It is a story that is largely unknown. Certainly it is not taught in the schools. It is a story of courage, conviction, patriotism, persecution, retribution, and even atrocity. Above all, it is a great American history story worth telling and preserving .
When the gathering dark clouds of war were all encompassing in the South and in Northwest Alabama in particular in the spring of 1861, the voices of dissent were loud and clear. While some were eager to fight for a newly created secessionist government, many others considered an impeding war as a wicked, treasonous undertaking and wanted no part of it.
Indeed, a majority in the hills of Northwest Alabama, mostly poor yeomen dirt farmers, saw little value or reason in taking arms against the federal government. They recognized quite early that this was not their fight, but that it was the landed gentry. It was obvious to the hill folk that the plantation owners and their political spokesmen were fanning the war flames and talked the loudest about separation.
With their money and property and political power, it was the planters who felt most threatened by the election of Abraham Lincoln as president.
That “Black Republican” Lincoln, the planters said, would mongrelize the races. He would destroy everything they built as a finer civilization. Southern women would not be safe from roving gangs of black thieves. They only thing to do, the planters contended, was to fight protect their very way of life, to secede and create a government that would protect their interests, protect their property rights, and protect that “peculiar institution.”
Of course, the peculiar institution was slavery.
But in the rugged landscape of northern Alabama, slaves were few and far between. The same was true in the mountains of East Tennessee and North Georgia and western North Carolina, and western Virginia, which would later become a state because of its overwhelming anti-confederate sentiment.
Few slaves were owned in the upland South, simply because the land would not support a plantation economy. Those who did work the land in the mountain South were a fiercely independent breed, poor but proud, and of no mind to lend support to plantation owners who looked down upon them as uneducated and inferior.
Winston County resident James B. Bell, a farmer who owned no slaves, was typical of an Alabama unionist. He blamed secession on large "Negroholders." In a letter to his pro-confederate son in Mississippi on April 21, 1861, he wrote. "All they [slave holders] want is to git you pupt up and go fight for there infurnal negroes and after you do there fighting you may kiss there hine parts for o [all] they care."
Southern unionists were not threatened by Lincoln’s election but saw him more as a blank slate. They were willing to give him a chance as president and did not see the federal government as any threat to their property rights.
The Loyalty to Old Hickory
If the inhabitants of the upland South were willing to give a new president the benefit of the doubt, they revered a former president. This was a man who lead their fathers and grandfathers against wild Indians and who tamed the land. He made their very existence here possible. President Andrew Jackson, “Old Hickory” was seen as a man of the people. He was also a staunch unionist who warned the Southern aristocracy years before that any talk of busting up the union was madness and any actions to do so would be punished severely.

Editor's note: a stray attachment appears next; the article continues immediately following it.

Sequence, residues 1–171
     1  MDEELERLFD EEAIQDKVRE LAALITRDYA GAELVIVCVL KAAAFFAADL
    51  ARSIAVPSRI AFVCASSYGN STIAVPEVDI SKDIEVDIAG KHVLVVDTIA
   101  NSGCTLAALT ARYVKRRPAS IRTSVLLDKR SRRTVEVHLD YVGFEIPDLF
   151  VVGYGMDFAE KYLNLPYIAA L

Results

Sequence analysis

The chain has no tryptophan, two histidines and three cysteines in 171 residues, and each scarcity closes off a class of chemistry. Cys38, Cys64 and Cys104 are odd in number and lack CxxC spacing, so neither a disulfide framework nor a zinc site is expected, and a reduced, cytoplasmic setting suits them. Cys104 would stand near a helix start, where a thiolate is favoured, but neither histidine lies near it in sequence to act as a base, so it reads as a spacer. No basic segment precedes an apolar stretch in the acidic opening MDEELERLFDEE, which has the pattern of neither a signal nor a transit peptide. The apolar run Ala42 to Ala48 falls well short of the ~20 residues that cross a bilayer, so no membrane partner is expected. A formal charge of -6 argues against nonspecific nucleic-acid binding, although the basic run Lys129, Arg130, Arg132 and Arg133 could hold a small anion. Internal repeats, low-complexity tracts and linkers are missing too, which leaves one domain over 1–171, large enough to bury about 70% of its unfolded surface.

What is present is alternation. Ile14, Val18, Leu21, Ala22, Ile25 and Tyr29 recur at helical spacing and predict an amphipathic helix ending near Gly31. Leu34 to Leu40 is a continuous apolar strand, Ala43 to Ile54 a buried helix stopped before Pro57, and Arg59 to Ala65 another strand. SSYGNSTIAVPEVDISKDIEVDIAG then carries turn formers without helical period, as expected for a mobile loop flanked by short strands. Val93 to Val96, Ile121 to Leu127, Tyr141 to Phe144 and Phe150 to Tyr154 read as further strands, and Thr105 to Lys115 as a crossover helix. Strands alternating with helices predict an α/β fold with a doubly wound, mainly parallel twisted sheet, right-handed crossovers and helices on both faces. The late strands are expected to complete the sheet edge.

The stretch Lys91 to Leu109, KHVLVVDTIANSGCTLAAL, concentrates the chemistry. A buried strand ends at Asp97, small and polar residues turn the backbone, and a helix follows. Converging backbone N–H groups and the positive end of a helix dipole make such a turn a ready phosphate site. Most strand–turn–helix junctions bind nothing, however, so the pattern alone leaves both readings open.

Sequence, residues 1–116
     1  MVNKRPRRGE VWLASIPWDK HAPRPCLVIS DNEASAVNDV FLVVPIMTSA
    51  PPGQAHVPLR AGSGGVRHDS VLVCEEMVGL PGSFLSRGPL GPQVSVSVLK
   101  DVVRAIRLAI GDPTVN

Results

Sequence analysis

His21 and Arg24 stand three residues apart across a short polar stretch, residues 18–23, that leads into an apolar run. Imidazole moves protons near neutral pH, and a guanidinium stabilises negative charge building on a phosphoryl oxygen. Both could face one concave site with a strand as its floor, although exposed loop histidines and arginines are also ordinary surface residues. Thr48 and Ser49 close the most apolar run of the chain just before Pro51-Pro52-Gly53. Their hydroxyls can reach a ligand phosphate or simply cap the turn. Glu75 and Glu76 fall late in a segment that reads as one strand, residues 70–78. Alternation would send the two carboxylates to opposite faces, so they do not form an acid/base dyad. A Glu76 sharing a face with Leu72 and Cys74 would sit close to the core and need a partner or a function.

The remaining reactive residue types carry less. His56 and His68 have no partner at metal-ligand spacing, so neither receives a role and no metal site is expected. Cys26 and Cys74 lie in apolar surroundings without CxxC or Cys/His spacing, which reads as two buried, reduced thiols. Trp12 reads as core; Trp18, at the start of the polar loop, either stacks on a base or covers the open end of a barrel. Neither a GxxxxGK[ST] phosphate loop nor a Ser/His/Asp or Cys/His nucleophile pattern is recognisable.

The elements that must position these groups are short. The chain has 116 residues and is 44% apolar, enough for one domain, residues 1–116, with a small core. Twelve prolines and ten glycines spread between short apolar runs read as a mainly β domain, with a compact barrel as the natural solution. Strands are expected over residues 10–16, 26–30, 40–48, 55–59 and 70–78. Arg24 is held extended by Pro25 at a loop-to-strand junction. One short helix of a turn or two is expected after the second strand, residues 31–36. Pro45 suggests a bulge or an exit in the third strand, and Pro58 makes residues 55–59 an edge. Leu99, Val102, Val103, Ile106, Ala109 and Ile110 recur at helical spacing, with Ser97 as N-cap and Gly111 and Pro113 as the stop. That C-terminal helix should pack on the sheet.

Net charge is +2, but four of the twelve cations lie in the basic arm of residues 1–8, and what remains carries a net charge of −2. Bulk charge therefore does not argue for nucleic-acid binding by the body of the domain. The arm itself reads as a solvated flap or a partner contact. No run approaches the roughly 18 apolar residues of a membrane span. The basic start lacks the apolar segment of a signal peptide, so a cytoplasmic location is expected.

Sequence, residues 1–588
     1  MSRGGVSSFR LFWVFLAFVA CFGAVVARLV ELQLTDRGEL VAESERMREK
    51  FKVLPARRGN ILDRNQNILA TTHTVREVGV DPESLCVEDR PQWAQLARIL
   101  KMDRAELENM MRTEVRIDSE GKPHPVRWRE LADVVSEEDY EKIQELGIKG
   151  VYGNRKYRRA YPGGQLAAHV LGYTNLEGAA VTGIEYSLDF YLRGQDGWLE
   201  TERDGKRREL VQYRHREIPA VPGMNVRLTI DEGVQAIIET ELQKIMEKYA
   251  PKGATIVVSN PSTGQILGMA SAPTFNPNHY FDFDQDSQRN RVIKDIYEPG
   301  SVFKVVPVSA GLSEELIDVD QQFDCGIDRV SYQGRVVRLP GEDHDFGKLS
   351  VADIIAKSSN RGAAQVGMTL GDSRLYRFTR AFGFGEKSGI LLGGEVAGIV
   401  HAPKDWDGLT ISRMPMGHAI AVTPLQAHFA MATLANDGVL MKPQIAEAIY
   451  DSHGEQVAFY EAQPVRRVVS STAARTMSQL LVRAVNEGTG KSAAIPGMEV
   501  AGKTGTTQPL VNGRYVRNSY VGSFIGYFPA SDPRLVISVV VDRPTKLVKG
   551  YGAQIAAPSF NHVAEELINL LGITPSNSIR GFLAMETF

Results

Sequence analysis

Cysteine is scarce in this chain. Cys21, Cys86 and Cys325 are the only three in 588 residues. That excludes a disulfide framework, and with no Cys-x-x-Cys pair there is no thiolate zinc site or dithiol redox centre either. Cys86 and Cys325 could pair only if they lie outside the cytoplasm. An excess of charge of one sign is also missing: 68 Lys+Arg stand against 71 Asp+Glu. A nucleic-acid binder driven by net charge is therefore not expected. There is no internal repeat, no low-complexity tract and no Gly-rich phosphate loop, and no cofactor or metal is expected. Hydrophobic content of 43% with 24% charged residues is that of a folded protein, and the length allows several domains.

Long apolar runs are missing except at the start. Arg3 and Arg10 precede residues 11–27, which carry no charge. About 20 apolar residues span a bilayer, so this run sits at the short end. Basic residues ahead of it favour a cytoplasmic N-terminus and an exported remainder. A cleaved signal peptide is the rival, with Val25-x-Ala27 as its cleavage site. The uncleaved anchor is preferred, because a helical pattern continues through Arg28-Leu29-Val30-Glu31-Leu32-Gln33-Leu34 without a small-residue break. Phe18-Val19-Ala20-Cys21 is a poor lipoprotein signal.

At a time when the country was about to go war, many Alabama unionists spoke about how President Jackson would have dealt with secession by hanging the ringleaders and crushing the rebellion before it got started.
Indeed, Jackson warned South Carolina on Dec. 10, 1832 that he was prepared to do just that.
“Are you really ready to incur its guilt? If you are, on the heads of the instigators of the act be the dreadful consequences; on their heads be the dishonor, but on yours may fall the punishment. On your unhappy State will inevitably fall the evils of the conflict you force upon the Government of your country. It can not accede to the mad project of disunion, of which you would be the first victims.”
And many Alabama unionists would remember the parting words of their fathers and grandfathers who served with Jackson, and who sensed years before that a war over secession could erupt. The old veterans would warn on their deathbeds to be loyal to the “Old Flag.” And their words were remembered and taken to heart.
Murder or political assassination was a constant threat for Alabama unionists who chose to remain at home. Three sons of Solomon Curtis were all killed in Winston County. Joel Jackson Curtis was killed in 1862 for refusing to join the confederate army. George Washington Curtis, home on leave from the union army, was killed by the home guard in his yard while his wife and three children watched. Thomas Pink Curtis, the probate judge of Winston County, was arrested near Houston by confederate authorities in 1864 and taken to a bluff on Clear Creek where he was summarily executed with two shots to his right eye.
Henry Tucker, a private in Company B, of the 1st Alabama Cavalry, US, was arrested by the Home Guard at his home in Marion County and tortured to death. He was tied to a tree, castrated, his eyes removed and his tongue cut out before he was literally skinned alive. He is buried at Hopewell Cemetery, south of Glen Allen, Ala.
But Tucker’s vicious death was avenged. Home Guard leader Stoke Roberts who personally directed the torture of Tucker, was eventually caught by a group of unionists near Winfield. They took a long iron spike and drove it through his mouth and out the back of his head and nailed him to the root of a big oak tree.